Journal Article

Respiratory fatigue in patients with acute cardiogenic pulmonary edema

F. Mojoli, L. Monti, M. Zanierato, C. Campana, S. Mediani, L. Tavazzi and A. Braschi

in European Heart Journal Supplements

Published on behalf of European Society of Cardiology

Volume 6, issue suppl_F, pages F74-F80
Published in print November 2004 | ISSN: 1520-765X
Published online November 2004 | e-ISSN: 1554-2815 | DOI:
Respiratory fatigue in patients with acute cardiogenic pulmonary edema

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Evaluation of prevalence and features of respiratory fatigue (RF) in patients with acute cardiogenic pulmonary oedema (APE)

Methods and results

Eighteen patients out of 65 consecutive APE were enrolled. All were treated with CPAP delivered by helmet added to medical therapy. RF (defined as an arterial CO2 tension at admission higher than the expected) was diagnosed in nine patients. In these patients pH was lower (7.18 vs 7.35; P=0.0001), base excess more negative (−9.9 vs −3.7 mEq/l; P=0.005) and blood lactates more elevated (46.4 vs 20.8 mg/dl; P=0.013) than in non-fatigued patients; after 3 h of treatment no more differences were found between the two groups.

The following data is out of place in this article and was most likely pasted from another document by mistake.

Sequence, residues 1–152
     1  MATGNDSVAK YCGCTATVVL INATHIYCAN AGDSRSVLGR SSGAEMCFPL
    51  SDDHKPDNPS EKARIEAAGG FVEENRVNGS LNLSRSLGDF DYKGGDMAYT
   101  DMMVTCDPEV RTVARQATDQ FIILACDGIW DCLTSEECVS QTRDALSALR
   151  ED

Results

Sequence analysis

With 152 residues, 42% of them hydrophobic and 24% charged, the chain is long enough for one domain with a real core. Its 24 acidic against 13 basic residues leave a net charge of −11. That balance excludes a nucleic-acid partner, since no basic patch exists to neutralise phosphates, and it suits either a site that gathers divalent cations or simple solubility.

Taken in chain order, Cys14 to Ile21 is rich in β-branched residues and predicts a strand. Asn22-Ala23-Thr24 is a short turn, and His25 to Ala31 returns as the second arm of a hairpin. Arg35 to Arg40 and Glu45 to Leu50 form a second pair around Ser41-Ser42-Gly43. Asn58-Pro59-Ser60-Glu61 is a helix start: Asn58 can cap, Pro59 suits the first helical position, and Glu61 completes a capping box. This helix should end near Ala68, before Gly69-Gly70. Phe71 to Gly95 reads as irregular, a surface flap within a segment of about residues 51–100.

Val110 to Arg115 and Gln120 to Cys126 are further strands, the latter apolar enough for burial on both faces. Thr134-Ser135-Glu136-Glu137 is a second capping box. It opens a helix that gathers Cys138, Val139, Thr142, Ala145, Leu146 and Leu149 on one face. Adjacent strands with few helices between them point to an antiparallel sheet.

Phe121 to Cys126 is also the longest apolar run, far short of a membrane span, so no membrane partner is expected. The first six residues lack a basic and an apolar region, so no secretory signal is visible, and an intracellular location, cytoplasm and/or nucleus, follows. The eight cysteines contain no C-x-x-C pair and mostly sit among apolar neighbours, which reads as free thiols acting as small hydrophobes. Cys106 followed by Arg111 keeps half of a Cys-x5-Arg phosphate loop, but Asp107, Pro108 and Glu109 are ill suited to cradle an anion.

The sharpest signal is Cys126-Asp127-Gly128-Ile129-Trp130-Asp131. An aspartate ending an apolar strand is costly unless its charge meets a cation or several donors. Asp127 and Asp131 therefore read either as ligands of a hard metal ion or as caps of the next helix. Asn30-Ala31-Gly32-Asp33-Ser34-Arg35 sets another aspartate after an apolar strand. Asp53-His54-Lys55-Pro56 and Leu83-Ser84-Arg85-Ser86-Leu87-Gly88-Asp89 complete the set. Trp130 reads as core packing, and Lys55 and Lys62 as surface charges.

At admission RF patients had lower mean echocardiographic left ventricular ejection fraction (LVEF): 30.7±12.4% vs 39.1 ±12.8%. After 24 h LVEF increased significantly (P=0.0034) in RF patients, whereas didn't in non-fatigued ones (P=0.19).


About 50% of patients with APE present respiratory fatigue. These patients are characterized by a pH <7.3 at admission; they are likely to rapidly restore normal gas exchange when treated with CPAP, and to have their LVEF improved after APE resolution.

Journal Article.  4413 words.  Illustrated.

Subjects: Cardiovascular Medicine

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